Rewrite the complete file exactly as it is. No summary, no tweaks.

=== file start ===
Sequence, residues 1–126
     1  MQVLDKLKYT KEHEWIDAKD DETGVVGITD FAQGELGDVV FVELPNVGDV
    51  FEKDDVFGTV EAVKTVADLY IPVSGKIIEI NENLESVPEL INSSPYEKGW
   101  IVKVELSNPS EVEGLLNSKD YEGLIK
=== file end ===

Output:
Sequence, residues 1–126
     1  MQVLDKLKYT KEHEWIDAKD DETGVVGITD FAQGELGDVV FVELPNVGDV
    51  FEKDDVFGTV EAVKTVADLY IPVSGKIIEI NENLESVPEL INSSPYEKGW
   101  IVKVELSNPS EVEGLLNSKD YEGLIK